I miss a lot of little things about being married to Mike. It was a comfortable, familiar life, after nearly 14 years of marriage. I can still hear him shuffling across the tile floors, whistling. The refrigerator door opening and closing. The toilet flushing. His computer game blips coming from his room, or the strum of an ukulele from the porch. Maybe his truck pulling up outside after a run to the dump. The thwack of an arrow hitting his archery target outside.Read more
My husband was a huge animal lover, and even more cool, animals absolutely loved him. They flocked to him. We would go over to other people's houses or just walk to a nearby park, and other people's pets would run up to him and want to play. If we went to anyone's home who had a dog, he was instantly playing with the dog. He always wanted a dog of his own, but because we lived in an apartment that didn't allow dogs, he used to say: "Someday, Boo. When we move to a bigger place or maybe buy a house or condo, I can have my husky/shepherd mix." Well, that never happened.
What did happen was that Don Shepherd packed up his entire life into a moving van in February of 2005, and, with his cat Isabelle in his lap the whole time, drove from Florida to New Jersey non-stop, to start a life with me. His cat Izzy was 13 at that time, and two years later, she got old and sick and we had to let her go. Don wanted to adopt another cat or kitten from the local rescue shelter, so we went there together and found two sisters that were only about 7 weeks old. They told us the sisters were a package deal, and so Don convinced me that we should take them. I was very hesitant about having two cats. I kept saying: "But I don't wanna be the crazy cat lady." He would say: "You'd need at least 3 cats to qualify as crazy cat lady, and crazy cat ladies usually don't have husbands. They just have cats."Read more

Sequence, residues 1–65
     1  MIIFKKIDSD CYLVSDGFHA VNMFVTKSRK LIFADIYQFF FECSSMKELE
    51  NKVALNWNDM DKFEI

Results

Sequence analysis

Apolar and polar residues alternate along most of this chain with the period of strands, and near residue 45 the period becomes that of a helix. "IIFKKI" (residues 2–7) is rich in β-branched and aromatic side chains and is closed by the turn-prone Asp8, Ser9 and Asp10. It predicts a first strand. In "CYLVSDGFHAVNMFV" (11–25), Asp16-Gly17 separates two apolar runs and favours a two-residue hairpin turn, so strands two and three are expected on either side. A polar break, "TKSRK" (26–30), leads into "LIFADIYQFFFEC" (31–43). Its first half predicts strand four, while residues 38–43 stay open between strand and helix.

I'm writing this on Tuesday. It would have been Mike's 61st birthday. My heart is breaking.